Tips that Help Alleviate Pressures on DataOps
Data is hard. Its always been hard, and it’s not getting easier. We always have more of it, there are more sources to integrate, it changes all the time, the quality is questionable, and the business wants it all right away. Working at this pace requires a sound operational mindset to avoid driving your teams crazy once the business starts using the data. This mindset needs to develop very early in every data project to ensure that you can keep your operational costs at a minimum and, most importantly, enable teams to easily maintain the data moving forward. So how do you alleviate the pressures on DataOps teams? It comes down to four key components:
The better way to do this is to ensure the business can always use what they had before the reload and only show them the new data if it has been successfully refreshed. This way, the DataOps team doesn't have to scramble to have something in there and allows the business to continue with most of its functionality, except for anything that requires the last 24 hours of data.
One fairly easy way to implement resiliency is to introduce the concept of auto-retry on failure. The goal here is to have the pipeline try to correct itself a certain number of times before involving manual intervention. Often times, something can happen during (for example) a file transfer and simply re-running the transfer resolves the problem. Why wake someone up in the middle of the night when a little extra development effort can resolve it?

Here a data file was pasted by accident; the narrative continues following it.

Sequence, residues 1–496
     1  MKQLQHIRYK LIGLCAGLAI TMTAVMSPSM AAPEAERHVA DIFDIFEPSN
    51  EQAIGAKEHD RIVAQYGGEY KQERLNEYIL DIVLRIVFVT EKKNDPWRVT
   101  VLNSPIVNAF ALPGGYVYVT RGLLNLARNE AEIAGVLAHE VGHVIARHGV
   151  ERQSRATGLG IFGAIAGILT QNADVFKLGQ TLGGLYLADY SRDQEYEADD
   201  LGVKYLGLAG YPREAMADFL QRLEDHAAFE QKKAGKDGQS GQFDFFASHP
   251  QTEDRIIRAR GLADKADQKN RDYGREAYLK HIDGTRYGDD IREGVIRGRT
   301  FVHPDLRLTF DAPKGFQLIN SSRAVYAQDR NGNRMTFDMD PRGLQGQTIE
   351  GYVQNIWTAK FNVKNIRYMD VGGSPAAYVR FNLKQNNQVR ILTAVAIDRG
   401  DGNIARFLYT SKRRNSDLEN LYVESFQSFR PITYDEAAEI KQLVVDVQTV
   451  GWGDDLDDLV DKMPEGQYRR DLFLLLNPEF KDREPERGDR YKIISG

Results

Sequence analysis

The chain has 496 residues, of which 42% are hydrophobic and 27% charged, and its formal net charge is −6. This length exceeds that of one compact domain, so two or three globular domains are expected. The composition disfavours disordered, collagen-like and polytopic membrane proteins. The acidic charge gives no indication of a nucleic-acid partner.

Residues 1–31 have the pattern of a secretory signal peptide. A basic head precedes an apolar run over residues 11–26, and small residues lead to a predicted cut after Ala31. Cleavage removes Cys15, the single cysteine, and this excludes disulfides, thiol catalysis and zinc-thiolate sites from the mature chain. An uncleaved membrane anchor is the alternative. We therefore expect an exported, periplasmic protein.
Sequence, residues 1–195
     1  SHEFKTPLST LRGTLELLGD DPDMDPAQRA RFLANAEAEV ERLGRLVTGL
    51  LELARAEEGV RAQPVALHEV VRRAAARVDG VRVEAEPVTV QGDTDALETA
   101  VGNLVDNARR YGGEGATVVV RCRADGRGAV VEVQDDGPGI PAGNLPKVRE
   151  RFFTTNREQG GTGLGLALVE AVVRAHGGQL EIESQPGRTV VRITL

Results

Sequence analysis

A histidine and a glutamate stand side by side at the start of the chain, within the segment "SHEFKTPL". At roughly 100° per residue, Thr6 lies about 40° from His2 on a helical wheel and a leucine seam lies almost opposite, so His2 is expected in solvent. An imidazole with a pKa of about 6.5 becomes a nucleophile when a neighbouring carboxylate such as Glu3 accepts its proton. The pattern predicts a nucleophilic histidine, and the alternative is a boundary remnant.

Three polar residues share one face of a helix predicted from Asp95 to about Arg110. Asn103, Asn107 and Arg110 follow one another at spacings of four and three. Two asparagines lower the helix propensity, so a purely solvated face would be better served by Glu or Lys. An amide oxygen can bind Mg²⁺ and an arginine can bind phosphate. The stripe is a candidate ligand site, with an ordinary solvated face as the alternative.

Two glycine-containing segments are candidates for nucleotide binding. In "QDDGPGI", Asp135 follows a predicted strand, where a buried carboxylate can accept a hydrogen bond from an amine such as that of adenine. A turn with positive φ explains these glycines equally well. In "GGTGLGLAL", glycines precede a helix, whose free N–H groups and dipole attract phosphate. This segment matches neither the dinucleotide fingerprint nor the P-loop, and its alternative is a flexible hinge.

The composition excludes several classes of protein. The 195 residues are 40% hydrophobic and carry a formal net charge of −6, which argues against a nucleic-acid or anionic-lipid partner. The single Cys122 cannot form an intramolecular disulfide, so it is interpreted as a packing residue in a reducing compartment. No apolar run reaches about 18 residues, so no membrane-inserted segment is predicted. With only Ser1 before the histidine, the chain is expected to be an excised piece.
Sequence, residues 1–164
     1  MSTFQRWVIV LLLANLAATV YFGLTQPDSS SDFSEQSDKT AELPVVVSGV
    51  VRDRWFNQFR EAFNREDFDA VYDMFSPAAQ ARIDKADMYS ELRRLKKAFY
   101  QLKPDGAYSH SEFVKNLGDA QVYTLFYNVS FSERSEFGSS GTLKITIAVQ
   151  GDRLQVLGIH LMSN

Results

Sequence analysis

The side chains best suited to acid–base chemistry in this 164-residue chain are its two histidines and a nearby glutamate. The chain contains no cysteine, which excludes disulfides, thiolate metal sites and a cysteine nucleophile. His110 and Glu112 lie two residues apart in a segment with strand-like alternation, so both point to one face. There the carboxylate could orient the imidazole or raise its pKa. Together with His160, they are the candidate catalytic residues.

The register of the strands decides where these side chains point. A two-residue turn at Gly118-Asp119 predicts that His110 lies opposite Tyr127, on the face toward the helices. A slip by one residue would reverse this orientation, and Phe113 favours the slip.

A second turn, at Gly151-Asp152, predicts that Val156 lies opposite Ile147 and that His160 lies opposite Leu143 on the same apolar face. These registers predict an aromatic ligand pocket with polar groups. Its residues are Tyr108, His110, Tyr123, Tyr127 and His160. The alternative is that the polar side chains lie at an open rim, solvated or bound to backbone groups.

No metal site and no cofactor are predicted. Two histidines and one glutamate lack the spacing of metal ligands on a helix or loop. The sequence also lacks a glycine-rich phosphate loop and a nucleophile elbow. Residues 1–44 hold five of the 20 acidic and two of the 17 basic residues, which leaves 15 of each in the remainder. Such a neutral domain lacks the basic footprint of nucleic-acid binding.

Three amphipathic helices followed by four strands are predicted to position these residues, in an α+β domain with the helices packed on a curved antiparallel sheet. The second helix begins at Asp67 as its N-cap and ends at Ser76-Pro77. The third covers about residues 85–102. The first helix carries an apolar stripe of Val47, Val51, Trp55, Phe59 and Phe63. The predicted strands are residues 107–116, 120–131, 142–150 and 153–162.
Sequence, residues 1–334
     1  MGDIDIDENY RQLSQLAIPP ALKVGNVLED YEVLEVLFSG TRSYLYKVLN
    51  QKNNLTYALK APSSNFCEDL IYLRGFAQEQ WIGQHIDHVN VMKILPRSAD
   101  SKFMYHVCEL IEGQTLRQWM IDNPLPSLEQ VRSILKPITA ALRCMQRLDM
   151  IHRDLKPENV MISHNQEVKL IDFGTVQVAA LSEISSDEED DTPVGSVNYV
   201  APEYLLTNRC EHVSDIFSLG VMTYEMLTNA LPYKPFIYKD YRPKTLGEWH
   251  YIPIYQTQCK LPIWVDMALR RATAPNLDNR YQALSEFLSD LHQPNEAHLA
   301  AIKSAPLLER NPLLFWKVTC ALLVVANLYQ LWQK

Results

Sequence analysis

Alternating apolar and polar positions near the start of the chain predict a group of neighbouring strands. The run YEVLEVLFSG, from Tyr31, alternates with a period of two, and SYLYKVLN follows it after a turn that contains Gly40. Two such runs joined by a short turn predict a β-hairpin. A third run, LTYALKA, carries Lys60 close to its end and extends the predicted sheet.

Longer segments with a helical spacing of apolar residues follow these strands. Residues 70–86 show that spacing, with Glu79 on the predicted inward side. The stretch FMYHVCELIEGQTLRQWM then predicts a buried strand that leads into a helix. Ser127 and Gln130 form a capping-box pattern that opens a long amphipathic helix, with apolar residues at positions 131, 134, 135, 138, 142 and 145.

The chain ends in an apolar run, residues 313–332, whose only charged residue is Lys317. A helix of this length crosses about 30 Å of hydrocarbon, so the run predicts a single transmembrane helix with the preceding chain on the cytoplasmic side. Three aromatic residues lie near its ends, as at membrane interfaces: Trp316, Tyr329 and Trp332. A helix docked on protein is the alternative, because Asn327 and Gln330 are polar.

The above scenarios are not new. I’ve seen this in the early days of databases, data warehouses, and now modern data engineering platforms. The old adage still applies. You either learn from history, or you're doomed to repeat it.
- Proper alerting hygiene
- Client visibility
ResiliencyOne of the most important things you can do is ensure that what you create is built with resiliency in mind. I'm not talking about infrastructure redundancy or auto-scaling but rather the end-data product that the business is using. In other word, the data should always be in a usable state. You might not always have the latest, but what you do have is complete and accurate. One typical example is a daily traditional batch full refresh of a data source. I don’t know how many times I’ve seen this scenario:
|Job Steps||Business Impact|
|Truncate the target data set.||No data available until the load is finished. Completely unusable.|
|Bulk load the data (can take minutes to hours).||No data available until the load is finished. Completely unusable.|
|Outcome: Success.||Usable data again.|
|Outcome: Error.||Empty or inconsistent data set.|